I have been around the block a few times, and I have to say that this one simply just slipped thru the cracks. Bad thing is that I could have used it in the past to assist me in collecting money that would have been very beneficial in the end. I was talking to a friend of mine yesterday and unfortunately he was in an accident the other day, good news no one was hurt. So like most of you that drive, a fender bender has been in the cards at one point or another. Like my buddy in this case who had a new truck I had a few new vehicles in which I had a fender bender at one time or another.
Here lies the issue at hand. If you have a new car, we all know that as soon as you drive it off the lot you will suffer 20-30% depreciation on the value of your new vehicle. Thus one of the reasons you will find the strategy to buy a two year old vehicle in several of my books. I like new cars and I have new cars, but I also use leases to my advantage, and I also buy used as well. So back to my buddy, he was in an accident where someone hit his new truck.
Insurance will cover the damages but what about the fact that his new truck now has a negative carfax, a history of repair and accident that will affect the long term value of the truck even after it is fixed. That is unfortunate and in most cases people just take it for what it is and move on. Later down the road a few years when they try to sell the vehicle the accident comes back to haunt them and the seller of the vehicle will suffer monetary loss because of the previous accident.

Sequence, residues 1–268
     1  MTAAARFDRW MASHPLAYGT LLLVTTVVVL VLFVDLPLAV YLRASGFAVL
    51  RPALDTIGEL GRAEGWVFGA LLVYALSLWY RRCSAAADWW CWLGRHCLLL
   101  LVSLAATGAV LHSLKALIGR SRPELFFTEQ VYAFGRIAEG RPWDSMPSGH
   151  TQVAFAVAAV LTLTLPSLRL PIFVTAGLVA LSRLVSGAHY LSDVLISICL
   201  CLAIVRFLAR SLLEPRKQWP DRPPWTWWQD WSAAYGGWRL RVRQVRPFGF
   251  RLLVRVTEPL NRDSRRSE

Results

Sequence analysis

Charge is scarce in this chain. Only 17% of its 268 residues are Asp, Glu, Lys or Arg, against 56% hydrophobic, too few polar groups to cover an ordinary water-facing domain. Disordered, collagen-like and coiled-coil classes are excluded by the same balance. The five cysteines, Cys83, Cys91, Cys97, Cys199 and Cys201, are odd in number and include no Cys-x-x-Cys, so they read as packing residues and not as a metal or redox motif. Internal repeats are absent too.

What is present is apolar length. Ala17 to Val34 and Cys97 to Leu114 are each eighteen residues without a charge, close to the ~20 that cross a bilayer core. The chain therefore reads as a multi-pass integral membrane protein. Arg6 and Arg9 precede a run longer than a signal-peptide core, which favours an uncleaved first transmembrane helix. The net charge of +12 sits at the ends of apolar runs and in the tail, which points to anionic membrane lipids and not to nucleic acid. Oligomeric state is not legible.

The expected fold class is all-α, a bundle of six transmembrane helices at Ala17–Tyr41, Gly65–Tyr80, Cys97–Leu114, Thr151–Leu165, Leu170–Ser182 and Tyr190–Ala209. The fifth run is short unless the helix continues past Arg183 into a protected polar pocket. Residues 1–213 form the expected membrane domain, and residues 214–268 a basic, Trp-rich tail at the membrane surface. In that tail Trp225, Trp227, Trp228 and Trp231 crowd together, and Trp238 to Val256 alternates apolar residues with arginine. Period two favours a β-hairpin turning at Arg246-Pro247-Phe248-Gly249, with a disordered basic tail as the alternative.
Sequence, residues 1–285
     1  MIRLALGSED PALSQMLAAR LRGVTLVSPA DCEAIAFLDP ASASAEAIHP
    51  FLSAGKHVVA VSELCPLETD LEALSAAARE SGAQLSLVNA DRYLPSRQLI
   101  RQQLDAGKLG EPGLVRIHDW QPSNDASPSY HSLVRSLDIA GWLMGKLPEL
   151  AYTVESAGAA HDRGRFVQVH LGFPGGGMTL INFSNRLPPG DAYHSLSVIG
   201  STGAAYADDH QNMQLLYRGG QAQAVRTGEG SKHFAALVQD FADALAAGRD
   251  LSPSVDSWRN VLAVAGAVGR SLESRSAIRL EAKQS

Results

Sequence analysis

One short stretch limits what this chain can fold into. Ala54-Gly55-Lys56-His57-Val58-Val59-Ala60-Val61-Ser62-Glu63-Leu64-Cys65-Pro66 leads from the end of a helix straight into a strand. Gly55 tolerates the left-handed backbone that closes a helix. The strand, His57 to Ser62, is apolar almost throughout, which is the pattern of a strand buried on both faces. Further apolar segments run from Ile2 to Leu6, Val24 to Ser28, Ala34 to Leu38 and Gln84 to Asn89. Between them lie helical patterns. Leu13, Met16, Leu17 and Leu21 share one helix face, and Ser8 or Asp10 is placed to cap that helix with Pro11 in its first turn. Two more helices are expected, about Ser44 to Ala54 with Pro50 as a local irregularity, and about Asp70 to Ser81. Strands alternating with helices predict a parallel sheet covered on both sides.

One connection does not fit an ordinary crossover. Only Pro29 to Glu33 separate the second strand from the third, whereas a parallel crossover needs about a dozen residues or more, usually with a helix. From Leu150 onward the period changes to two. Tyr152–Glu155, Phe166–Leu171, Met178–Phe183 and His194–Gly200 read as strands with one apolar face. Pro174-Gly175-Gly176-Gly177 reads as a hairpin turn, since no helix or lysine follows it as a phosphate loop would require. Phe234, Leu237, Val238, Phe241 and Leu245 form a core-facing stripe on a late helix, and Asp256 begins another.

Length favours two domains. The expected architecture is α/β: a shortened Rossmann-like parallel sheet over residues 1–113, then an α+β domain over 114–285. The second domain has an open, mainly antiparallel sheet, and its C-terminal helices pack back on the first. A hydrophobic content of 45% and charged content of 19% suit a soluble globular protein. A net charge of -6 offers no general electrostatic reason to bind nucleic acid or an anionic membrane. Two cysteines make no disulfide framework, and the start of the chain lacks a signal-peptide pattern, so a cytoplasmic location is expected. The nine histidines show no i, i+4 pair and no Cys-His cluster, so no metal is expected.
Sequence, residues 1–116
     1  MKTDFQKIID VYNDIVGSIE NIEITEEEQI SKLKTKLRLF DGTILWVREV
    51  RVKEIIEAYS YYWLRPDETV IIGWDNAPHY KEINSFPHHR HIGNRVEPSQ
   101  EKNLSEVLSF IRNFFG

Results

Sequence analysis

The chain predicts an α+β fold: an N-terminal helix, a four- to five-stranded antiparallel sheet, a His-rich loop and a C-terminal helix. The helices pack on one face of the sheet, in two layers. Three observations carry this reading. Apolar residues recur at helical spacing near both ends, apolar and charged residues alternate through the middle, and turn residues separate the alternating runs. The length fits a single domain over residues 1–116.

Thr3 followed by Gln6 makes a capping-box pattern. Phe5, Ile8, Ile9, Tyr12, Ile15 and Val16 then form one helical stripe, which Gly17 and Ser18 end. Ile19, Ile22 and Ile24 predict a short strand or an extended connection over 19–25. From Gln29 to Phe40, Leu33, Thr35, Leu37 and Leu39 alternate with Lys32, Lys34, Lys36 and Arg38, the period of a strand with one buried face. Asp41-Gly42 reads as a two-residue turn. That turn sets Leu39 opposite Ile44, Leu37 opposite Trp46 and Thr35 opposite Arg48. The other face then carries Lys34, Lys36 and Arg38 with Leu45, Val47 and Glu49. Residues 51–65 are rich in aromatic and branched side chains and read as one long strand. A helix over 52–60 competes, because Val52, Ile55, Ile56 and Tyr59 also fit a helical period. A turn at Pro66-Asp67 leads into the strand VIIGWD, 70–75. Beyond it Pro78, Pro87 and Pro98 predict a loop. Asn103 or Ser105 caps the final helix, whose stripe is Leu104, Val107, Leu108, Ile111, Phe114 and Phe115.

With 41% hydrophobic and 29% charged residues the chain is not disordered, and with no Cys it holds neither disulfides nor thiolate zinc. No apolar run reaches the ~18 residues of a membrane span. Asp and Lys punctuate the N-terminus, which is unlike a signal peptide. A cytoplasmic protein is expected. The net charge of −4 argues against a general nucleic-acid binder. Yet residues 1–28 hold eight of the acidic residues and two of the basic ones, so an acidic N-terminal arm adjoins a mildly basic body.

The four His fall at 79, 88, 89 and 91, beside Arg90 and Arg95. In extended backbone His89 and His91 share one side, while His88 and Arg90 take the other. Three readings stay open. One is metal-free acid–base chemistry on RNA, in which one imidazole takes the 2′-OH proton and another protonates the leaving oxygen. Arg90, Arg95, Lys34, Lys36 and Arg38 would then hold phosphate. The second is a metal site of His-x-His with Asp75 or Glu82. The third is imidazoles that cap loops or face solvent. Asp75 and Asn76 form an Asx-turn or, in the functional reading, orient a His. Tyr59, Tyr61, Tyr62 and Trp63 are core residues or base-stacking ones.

The accident simply lowers the long term value. So what can you do? Well you can buy Gap Insurance which will cover the difference in your new vehicle when you drive it off the lot and remain in effect until your car is worth the same or lower than your loan payoff thus the “GAP” or you can file a diminished value claim against your insurance company. I would suggest that if you buy a new vehicle that you look into gap insurance, some policies have it included and others you will need to add it on. Keep in mind that you can get Gap insurance at many places not just thru your insurance company and certainly don’t take the Gap offered by your dealership when you buy your new vehicle. There are also alternatives to Gap insurance such as new car payoff options etc, you can discuss with your auto insurance company.
Since my buddy is filing a diminished value claim let’s look at what and how the claim works. Let’s say you are like my buddy and were in a recent accident with your vehicle. – The first thing you are going to do is file a claim with your insurance company for the damage to the vehicle – The initial claim will only cover your damages minus your deductable of course – But what about your Diminished Value, this is going to be what your new vehicle is worth if you sold it now with the repaired damage vs selling the same new vehicle now with no damage.
You need to be familiar with the three (3) types of Diminished Value . . .